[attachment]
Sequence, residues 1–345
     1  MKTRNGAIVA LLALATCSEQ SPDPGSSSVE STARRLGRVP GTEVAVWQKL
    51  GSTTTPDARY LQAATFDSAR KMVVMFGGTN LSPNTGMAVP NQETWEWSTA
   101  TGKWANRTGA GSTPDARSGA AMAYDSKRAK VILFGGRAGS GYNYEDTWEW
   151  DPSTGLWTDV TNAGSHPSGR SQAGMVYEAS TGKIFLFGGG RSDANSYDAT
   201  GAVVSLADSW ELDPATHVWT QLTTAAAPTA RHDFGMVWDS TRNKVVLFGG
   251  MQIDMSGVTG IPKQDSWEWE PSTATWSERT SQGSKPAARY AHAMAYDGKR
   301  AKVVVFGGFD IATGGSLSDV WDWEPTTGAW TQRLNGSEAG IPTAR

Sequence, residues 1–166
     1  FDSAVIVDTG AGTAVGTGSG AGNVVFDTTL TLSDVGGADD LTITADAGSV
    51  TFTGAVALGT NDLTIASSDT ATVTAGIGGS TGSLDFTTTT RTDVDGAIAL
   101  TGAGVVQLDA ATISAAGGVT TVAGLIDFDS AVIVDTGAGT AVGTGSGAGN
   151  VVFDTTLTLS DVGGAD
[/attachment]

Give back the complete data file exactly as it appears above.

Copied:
Sequence, residues 1–345
     1  MKTRNGAIVA LLALATCSEQ SPDPGSSSVE STARRLGRVP GTEVAVWQKL
    51  GSTTTPDARY LQAATFDSAR KMVVMFGGTN LSPNTGMAVP NQETWEWSTA
   101  TGKWANRTGA GSTPDARSGA AMAYDSKRAK VILFGGRAGS GYNYEDTWEW
   151  DPSTGLWTDV TNAGSHPSGR SQAGMVYEAS TGKIFLFGGG RSDANSYDAT
   201  GAVVSLADSW ELDPATHVWT QLTTAAAPTA RHDFGMVWDS TRNKVVLFGG
   251  MQIDMSGVTG IPKQDSWEWE PSTATWSERT SQGSKPAARY AHAMAYDGKR
   301  AKVVVFGGFD IATGGSLSDV WDWEPTTGAW TQRLNGSEAG IPTAR

Sequence, residues 1–166
     1  FDSAVIVDTG AGTAVGTGSG AGNVVFDTTL TLSDVGGADD LTITADAGSV
    51  TFTGAVALGT NDLTIASSDT ATVTAGIGGS TGSLDFTTTT RTDVDGAIAL
   101  TGAGVVQLDA ATISAAGGVT TVAGLIDFDS AVIVDTGAGT AVGTGSGAGN
   151  VVFDTTLTLS DVGGAD